In Miles v. State, Tex.Cr.App., 488 S.W.2d 790, the confession was held admissible even though made in response to questions. Compare the questions asked in Miles with those asked in the instant case:

Miles:

"Duncan asked appellant if he had been at the scene, and appellant answered affirmatively. The officer then inquired of appellant, `What happened?', and he responded, `I cut the boys.'" *782 Instant case: "I asked him how come he didn't come out when I called for him to come out... He said that he was afraid I would shoot him. I [then] asked him what he was doing at the gas station... He stated that he was prying on the cigarette machine."

The questions in the instant case are not more leading and suggestive than in the Miles case, and the answers are no more or no less responsive.

In Miles v. State, supra, we said:

"Nevertheless, even after an arrest, and where such statements are made in response to an inquiry, such testimony is admissible, if all the elements that make the statements a part of the res gestae are present."

The fact that an oral confession is made in response to an arresting officer's questions, even if leading and suggestive, is only one factor to be considered in determining whether the confession is res gestae. The majority is apparently adopting a rigid rule of exclusion and overemphasizing this one factor. Other factors significant in the instant case are time between arrest and the statement, appellant's nervousness, fear, and excitement. The issue is to be determined by the totality of the circumstances that only a trial court is in a position to adequately perceive. There is a valid basis in the evidence for the trial court's finding that the statements were res gestae.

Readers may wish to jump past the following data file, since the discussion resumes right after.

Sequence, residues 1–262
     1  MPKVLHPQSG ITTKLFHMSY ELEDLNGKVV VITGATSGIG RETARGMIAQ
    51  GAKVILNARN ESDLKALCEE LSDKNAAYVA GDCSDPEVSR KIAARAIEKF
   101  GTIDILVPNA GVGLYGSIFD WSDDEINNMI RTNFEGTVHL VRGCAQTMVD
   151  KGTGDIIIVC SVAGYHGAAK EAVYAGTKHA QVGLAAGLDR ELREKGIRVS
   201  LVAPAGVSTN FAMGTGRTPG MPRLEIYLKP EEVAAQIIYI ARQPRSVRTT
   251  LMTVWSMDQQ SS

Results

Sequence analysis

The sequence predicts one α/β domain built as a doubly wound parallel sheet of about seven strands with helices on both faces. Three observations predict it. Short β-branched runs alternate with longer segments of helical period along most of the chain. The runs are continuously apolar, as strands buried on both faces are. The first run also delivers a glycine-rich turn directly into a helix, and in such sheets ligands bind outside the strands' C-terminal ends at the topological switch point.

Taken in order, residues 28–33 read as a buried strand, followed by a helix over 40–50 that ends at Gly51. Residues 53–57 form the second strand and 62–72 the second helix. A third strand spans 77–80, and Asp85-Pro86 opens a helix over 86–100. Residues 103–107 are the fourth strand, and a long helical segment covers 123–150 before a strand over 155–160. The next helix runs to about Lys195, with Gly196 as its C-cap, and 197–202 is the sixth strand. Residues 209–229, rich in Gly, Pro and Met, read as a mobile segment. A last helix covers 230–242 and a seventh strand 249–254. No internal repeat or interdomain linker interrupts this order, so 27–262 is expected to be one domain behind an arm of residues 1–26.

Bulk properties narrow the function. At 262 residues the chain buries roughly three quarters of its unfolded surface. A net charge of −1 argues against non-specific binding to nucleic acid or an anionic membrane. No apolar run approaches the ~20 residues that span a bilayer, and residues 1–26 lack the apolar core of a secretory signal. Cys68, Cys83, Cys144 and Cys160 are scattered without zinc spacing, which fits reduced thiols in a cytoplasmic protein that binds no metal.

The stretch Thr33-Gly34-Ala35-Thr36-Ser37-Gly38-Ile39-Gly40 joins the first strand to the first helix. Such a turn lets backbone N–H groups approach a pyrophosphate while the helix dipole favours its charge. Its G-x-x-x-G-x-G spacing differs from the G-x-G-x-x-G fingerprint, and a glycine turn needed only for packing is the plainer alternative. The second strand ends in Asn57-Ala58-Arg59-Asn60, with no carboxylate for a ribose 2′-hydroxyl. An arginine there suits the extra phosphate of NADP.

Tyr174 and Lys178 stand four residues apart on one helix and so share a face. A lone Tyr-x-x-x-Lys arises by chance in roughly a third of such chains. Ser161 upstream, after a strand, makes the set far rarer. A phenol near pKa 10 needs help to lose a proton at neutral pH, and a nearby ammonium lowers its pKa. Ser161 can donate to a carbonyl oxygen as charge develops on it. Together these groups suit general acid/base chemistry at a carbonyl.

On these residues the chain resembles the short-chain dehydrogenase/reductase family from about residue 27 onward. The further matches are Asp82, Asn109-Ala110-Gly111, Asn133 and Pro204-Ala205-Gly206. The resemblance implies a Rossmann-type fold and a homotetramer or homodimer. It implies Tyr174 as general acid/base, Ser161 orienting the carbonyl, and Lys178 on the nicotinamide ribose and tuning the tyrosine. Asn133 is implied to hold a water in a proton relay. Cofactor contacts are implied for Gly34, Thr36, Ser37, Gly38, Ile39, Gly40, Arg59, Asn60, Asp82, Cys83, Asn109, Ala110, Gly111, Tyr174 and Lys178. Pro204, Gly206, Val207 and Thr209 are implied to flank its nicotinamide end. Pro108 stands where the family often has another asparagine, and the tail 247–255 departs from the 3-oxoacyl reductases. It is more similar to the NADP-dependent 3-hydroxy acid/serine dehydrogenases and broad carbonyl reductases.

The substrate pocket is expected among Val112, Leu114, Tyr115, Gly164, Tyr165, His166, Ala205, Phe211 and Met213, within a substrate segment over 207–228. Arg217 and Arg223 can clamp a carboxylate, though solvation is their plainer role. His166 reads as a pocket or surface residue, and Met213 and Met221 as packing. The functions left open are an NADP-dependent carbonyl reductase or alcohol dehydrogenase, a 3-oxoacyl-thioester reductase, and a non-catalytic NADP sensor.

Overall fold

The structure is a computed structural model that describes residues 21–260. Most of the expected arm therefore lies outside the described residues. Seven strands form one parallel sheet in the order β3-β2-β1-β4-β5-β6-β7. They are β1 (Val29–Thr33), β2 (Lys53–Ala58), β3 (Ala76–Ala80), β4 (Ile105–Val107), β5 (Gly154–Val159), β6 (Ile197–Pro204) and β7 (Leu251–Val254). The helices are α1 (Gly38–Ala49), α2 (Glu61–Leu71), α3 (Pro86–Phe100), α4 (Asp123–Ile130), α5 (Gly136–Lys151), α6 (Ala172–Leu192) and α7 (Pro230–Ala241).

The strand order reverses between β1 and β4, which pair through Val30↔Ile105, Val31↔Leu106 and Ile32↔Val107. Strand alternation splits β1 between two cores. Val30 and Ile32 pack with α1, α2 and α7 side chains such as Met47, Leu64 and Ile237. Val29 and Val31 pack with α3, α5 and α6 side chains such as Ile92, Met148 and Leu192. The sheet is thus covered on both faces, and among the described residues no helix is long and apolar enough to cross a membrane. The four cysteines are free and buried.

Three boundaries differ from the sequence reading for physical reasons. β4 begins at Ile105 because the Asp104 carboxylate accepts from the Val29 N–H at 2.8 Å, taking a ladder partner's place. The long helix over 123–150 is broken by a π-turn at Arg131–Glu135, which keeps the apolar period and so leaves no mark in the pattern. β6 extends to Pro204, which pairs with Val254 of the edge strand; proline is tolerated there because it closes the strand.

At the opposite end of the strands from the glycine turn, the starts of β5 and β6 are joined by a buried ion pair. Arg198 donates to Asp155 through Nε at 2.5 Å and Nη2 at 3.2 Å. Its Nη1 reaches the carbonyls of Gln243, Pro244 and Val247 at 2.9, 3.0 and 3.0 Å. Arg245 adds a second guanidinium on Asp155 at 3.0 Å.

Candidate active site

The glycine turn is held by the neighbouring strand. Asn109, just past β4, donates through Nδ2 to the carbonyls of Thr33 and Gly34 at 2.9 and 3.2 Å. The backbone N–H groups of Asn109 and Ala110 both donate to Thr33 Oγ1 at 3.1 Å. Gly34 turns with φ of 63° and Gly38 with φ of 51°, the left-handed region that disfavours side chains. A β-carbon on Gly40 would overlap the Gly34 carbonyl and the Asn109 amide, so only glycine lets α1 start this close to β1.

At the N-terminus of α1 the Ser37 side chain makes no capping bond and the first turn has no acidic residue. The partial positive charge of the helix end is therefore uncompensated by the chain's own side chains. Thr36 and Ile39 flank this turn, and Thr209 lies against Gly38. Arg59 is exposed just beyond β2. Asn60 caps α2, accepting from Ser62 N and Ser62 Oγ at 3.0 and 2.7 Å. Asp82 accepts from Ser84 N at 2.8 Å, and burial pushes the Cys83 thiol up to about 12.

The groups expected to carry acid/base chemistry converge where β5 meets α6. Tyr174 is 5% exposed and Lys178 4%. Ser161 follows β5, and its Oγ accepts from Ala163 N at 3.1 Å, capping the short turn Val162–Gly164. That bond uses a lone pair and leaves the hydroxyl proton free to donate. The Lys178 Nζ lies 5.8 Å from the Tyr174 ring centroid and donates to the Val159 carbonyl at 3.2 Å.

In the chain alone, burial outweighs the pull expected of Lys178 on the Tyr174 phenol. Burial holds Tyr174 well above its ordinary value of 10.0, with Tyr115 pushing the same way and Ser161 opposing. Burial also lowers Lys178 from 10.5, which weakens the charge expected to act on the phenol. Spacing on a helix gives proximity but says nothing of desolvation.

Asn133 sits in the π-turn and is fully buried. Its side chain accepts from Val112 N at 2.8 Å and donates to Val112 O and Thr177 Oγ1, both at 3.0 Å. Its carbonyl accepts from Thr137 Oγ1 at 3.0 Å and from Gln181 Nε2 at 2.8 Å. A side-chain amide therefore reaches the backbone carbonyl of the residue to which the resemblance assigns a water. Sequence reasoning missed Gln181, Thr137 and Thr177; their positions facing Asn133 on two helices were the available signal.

The majority also appears to disparage the res gestae of an arrest as distinguished from the res gestae of the offense. Howell v. State, 171 Tex.Cr.R. 545, 352 S.W.2d 110, is a good example of a res gestae confession of an arrest held admissible, and is very close to the fact situation in the instant case.

I respectfully dissent to the reversal of this conviction.

DOUGLAS, Judge (dissenting).

The proposed opinion prepared by Judge H. P. Green, a special commissioner of this Court, is adopted as a part of the dissenting opinion. Omitting certain formal parts, it is as follows: